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San Antonio and 40% of Texas Teeter on the Edge of Drought Conditions 

  • Wikimedia Commons / Ground | Orange
Don't let the weekend's patchy rain fool you: the San Antonio area is in danger of sliding into drought conditions, according to the U.S. Drought Monitor.

Bexar County was rated "abnormally dry" on the federal government's drought map, along with 40% of the state. Rainfall has been sparse, and parts of South Texas and the Panhandle are already facing moderate and severe drought, according to weather data.

Areas facing abnormal dryness tend to have slower crop growth and are unable to easily recover from lingering water deficits. Such areas can also easily slide into drought conditions, according to scientists.

On Friday, Gov. Greg Abbott declared a state of disaster in South Texas' Duval, Hall, Jim Hogg, Randall, Swisher, Webb and Zapata counties due to dry conditions that constitute an "imminent threat to public health, property and the economy."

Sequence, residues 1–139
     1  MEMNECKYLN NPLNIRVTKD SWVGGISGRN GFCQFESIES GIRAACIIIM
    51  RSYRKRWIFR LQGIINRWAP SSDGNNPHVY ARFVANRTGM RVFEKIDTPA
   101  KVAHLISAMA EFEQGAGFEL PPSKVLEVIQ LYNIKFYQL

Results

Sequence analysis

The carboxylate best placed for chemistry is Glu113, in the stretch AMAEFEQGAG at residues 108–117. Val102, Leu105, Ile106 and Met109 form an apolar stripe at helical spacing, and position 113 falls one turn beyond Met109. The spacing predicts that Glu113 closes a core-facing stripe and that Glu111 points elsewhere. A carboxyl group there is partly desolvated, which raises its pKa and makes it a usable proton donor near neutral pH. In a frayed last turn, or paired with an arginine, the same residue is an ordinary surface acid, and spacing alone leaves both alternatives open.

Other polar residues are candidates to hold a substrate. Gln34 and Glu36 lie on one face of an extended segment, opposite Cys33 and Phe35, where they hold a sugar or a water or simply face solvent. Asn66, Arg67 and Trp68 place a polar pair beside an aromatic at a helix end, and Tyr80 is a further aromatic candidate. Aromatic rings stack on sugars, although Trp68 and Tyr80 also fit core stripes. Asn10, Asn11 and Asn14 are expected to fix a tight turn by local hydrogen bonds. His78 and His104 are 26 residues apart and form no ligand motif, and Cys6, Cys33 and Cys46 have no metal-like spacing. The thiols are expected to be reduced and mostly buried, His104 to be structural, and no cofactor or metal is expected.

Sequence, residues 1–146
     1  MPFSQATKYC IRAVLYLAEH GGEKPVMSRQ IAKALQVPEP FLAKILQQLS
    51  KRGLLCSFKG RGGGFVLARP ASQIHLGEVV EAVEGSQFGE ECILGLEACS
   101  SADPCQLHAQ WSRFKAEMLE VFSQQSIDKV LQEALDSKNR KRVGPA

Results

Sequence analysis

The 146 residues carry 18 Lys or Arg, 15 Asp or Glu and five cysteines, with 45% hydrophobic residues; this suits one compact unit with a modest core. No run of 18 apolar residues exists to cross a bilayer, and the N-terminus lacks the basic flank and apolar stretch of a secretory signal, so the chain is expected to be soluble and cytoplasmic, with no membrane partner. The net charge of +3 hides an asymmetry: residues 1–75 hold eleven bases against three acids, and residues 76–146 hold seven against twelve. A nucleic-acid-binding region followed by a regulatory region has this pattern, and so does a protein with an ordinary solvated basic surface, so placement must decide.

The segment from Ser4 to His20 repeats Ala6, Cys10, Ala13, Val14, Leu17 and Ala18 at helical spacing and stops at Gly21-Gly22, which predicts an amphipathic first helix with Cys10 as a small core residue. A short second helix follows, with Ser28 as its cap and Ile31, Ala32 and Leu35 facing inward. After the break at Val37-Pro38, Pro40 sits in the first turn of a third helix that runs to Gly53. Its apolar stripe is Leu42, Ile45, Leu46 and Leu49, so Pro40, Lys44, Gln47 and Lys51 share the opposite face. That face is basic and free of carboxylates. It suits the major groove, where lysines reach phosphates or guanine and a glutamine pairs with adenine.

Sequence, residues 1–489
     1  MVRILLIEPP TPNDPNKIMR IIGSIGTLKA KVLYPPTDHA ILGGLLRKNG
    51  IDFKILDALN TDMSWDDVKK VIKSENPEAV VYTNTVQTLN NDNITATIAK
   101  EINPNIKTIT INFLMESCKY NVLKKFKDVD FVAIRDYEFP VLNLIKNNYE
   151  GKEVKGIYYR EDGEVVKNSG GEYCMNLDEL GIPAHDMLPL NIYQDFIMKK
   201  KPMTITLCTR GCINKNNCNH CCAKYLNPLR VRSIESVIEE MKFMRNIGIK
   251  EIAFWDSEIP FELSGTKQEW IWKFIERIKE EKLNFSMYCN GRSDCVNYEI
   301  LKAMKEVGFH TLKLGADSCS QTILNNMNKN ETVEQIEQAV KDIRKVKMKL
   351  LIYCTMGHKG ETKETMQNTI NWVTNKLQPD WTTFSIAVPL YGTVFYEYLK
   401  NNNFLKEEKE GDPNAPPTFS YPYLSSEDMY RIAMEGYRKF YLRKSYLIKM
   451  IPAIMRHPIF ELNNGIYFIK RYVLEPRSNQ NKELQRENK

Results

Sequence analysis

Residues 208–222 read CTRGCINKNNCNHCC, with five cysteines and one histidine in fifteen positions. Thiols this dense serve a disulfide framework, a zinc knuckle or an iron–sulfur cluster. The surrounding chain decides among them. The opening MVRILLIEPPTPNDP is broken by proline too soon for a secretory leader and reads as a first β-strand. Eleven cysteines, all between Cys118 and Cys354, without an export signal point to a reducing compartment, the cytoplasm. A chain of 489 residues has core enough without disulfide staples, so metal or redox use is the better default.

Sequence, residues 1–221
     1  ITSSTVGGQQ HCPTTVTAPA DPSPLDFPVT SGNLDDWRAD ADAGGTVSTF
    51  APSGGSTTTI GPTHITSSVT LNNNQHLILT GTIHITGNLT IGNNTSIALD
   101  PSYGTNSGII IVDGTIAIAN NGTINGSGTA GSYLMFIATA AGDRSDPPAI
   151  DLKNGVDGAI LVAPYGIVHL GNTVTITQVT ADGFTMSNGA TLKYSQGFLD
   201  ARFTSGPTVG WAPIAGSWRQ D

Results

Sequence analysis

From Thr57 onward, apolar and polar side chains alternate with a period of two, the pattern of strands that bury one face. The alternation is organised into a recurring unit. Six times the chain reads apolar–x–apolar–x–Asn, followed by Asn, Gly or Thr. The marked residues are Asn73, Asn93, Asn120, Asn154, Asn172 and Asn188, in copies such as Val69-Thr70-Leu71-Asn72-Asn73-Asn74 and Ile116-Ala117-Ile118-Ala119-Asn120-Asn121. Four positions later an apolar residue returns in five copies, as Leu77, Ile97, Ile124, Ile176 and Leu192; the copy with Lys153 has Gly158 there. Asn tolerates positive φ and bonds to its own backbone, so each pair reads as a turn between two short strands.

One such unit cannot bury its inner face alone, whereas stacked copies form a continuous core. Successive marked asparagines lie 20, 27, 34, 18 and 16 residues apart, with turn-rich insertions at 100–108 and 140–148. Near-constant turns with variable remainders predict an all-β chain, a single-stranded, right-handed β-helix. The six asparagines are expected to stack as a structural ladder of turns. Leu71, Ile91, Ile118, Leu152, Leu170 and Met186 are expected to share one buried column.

On Monday afternoon, the City of San Antonio issued a Level II heat advisory — a warning reserved for times when the heat index is expected to reach or exceed 108 degrees Fahrenheit or the temperature is expected to reach 103 degrees or more.

“As the heat and humidity forecast for today and later this week continues to be high, it is important for the community to keep in mind that excessive heat can pose a health threat,” San Antonio Interim Metro Health Director Jennifer Herriott said in an emailed statement.

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